But my favorite feature is its ability to handle practically any handheld panorama sequence (see photos) you throw at it and stitch it seamlessly. I know you’re supposed to shoot these photos from a tripod – preferably a leveled one – and I’ve even purchased a fairly expensive mount that adjusts for the nodal point of the lens and has wonderful spirit levels and calibrations to turn out a perfect panorama. The problem is that it’s never on hand when the circumstances are right and the light is perfect. For those situations it’s great having a software tool that lets me just shoot, knowing that it’ll pick up the pieces and stitch them together for me later.

Hugin is a free, open source compositing option that works well, though it’s not as smooth or quick as PTgui. While Adobe Photoshop CS3 and CS4 are said to include serious improvements to that software’s Photomerge stitching function, I haven’t tried either, and therefore can’t make the comparison. I have used Adobe’s Photoshop Elements, and its stitching function is quite a bit slower and offers far less control then PTgui.

Unlike other photo stitchers I’ve used, PTgui usually gets the merge right on the first try, even with handheld shots. But there are times when handheld shots are so far off that some hand-tuning of the merge is required. PTgui includes a clear and intuitive interface for this task that is far better than other software I’ve used. PTgui also eliminates “ghosting”; in the overlap area, a problem with other software when people in the overlap area move between frames. In addition, making corrections by trying different projections can often mean starting over with other stitching software, but with PTgui, projection previews offer interactive control of their geometry through dragging and sliders.

The following sequence was shot — handheld — in the courtyard of the Boston Public Library when the reflected sunlight lit up the opposite colonnade. I shot two sequences across the scene, one at ground level and the other slightly above to capture the buildings and roofline. Looking at the individual shots, you’d think they could never be successfully stitched. But PTgui turned out a very neat panorama. The photos here are reduced in size for this review, but I’ve included a close-up of the clock on the right-hand wall, so you can see the kind of detail that is available when you zoom in.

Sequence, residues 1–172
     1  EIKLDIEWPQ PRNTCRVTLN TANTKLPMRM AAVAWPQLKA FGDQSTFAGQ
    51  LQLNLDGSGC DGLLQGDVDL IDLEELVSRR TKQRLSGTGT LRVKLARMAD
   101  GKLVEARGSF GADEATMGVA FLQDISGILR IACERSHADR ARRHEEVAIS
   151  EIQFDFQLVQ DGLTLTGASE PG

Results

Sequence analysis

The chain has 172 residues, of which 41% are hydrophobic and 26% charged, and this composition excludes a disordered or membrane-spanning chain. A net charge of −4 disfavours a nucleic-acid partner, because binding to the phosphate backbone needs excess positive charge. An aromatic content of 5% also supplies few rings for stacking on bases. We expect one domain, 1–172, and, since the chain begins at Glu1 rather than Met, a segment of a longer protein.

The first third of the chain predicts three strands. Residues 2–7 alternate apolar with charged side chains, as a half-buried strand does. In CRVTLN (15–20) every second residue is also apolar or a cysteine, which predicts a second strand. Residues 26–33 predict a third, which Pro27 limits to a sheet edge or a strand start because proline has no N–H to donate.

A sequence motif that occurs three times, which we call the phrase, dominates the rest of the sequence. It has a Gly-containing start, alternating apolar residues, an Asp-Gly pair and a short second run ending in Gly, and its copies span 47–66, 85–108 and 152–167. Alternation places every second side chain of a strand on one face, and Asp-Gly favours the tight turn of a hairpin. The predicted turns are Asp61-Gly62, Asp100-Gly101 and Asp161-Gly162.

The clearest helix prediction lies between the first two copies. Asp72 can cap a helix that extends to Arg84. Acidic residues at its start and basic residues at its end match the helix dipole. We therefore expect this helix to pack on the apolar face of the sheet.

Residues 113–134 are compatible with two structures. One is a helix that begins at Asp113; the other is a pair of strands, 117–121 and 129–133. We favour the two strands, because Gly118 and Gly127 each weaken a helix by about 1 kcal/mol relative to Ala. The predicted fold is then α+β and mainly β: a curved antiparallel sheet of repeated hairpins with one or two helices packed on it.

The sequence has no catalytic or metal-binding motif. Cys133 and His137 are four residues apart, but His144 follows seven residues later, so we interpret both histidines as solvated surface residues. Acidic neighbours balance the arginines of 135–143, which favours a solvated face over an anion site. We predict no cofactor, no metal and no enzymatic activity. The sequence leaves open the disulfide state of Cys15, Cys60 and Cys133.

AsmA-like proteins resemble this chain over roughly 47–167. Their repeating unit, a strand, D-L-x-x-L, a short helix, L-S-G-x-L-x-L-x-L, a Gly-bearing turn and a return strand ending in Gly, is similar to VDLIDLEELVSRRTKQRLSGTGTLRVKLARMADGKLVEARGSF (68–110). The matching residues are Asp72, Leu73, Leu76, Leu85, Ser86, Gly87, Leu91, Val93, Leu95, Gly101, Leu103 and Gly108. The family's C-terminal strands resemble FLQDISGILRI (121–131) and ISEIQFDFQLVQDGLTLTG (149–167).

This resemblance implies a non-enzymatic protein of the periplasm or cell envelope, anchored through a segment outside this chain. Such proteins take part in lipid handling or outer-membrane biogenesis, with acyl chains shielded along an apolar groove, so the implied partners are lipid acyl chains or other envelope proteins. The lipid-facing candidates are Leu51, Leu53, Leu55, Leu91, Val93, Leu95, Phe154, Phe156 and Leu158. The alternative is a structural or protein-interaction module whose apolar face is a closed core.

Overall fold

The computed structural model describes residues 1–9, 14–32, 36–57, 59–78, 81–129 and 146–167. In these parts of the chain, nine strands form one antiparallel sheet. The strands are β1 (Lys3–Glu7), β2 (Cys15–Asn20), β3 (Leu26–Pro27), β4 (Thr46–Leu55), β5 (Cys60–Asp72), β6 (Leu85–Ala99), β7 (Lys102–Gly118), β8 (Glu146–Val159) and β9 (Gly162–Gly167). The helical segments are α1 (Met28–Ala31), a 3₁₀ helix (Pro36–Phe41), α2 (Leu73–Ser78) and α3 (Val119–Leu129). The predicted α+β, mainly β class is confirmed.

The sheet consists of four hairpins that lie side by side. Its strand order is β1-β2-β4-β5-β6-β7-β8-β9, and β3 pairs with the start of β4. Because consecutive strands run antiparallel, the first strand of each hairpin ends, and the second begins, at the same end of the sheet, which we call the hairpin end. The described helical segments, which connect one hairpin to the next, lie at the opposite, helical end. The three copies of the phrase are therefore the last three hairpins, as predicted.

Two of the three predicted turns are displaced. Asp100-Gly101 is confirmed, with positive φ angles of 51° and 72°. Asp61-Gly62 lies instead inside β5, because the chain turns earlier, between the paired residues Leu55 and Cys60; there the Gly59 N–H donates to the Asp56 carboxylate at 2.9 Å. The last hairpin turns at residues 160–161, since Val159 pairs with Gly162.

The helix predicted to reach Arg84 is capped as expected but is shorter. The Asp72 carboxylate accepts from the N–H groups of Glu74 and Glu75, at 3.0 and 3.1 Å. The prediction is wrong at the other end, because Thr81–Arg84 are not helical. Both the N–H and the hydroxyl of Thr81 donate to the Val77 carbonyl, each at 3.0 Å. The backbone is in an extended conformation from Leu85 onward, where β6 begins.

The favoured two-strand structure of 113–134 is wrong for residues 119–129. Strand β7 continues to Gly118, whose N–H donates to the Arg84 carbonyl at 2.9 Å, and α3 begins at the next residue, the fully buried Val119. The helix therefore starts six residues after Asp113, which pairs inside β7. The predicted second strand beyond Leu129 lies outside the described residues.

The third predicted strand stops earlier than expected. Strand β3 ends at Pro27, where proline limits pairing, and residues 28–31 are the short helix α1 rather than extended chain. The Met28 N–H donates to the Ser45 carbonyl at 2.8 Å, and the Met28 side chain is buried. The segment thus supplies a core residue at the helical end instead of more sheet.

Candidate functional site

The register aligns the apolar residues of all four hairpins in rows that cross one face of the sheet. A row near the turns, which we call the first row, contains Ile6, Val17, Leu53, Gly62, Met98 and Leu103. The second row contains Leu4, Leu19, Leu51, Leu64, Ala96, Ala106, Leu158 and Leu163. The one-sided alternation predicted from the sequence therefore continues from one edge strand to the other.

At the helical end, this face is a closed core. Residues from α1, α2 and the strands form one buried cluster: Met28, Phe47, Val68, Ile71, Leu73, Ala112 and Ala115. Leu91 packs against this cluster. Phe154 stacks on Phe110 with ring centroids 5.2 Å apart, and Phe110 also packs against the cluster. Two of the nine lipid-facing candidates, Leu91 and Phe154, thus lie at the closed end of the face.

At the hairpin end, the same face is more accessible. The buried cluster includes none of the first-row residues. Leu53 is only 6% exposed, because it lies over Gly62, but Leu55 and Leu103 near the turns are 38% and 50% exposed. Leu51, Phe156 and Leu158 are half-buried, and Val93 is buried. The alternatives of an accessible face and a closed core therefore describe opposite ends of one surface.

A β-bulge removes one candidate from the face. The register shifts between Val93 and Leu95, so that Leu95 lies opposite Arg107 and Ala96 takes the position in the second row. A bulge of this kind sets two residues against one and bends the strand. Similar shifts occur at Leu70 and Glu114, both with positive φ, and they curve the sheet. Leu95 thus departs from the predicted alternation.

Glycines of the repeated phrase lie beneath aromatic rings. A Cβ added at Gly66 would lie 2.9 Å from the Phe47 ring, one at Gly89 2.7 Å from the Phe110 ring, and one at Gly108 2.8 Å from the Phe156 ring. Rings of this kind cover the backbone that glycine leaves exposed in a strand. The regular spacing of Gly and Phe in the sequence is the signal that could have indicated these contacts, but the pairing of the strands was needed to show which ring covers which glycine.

Original photos:

The finished panorama:

Detail of the clock on the wall:

The PTgui website has lots of fun samples to view, and they link to a panorama of Prague that claims to be the largest spherical panorama in the world. Weighing in at 18 gigapixels, it’s amazing not only for the view, but also for the incredible detail that is available when you zoom in on a feature. One of my personal favorites in their gallery is the Tandem Paragliding panorama.

PTgui comes from Rotterdam in the Netherlands and is available in standard ($111) and Pro (for batch mode and other features, $209) versions, supporting both Windows and Mac OSX. The website makes it simple to order, download, and unlock the software. Prices are set in Euros and I’ve noticed that the US Dollar prices do vary over time.

-- David Krathwohl  

PTgui panoramic stitching software
$111 (standard) and $209 (pro)

Designed by and available from PTgui



For years I used a PedCo Ultrapod II, which I bought at REI in San Francisco. At the time it was an REI-branded version; it survived years of being mounted on a motorcycle and many trips abroad until I gave it away to a good friend who fell in love with it. I recently went to replace my Ultrapod and looked at the previously reviewed Gorillapod extensively. Compared to my old Ultrapod, though, the Gorillapod seems fiddly, heavy and expensive. I re-ordered the Ultrapod II from Amazon (it was about $15), and am once again really pleased with it.

The Gorillapod is probably a bit better for mounting on the top of a pole (as pictured in the ads). But for mounting on the sides of poles, trees, chairs, as well as setting upright on rocks, tables, suitcases; for quick and accurate adjustments, and for supporting both light and heavy cameras securely (strapped to a motorcycle handlebar at high speed driving through the Bay Bridge tunnel between Oakland and San Fancisco–see photo), I like the Ultrapod best.


There’s a difference between the Ultrapod and the Ultrapod II, I think the former is lighter and smaller, but less robust. I’ve only ever owned the latter. I used my first Ultrapod II with a Canon Powershot digital camera, a medium-sized model that would be large by today’s standards. That’s the camera I mounted on my motorcycle handlebars.


The Ultrapod II has legs with triangular cross-sections for rigidity. In the collapsed positions, the tripod’s legs nicely cup a pole or handlebar. Using the (very securely built-in) Velcro strap, I was able to firmly attach the tripod to my handlebar grips. Because the tripod was mounted directly to the handlebar grip, my hand curled around both for added security while driving.

Now I use the Ultrapod II mostly with a Flip Mino HD, which is extremely small and light. I occasionally use it with a Nikon D40 digital SLR, which is bulky but still reasonably light. The Ultrapod II does an excellent job of holding both cameras in all kinds of settings (tree branches, rocks, chair legs, suitcases), and it’s also excellent as a table-top tripod. And it’s particularly on tabletop and other flat settings where I think the Ultrapod is really much more stable than the Gorillapod. When I was doing a lot of toy photography and animation, that stability on flat surfaces helped tremendously.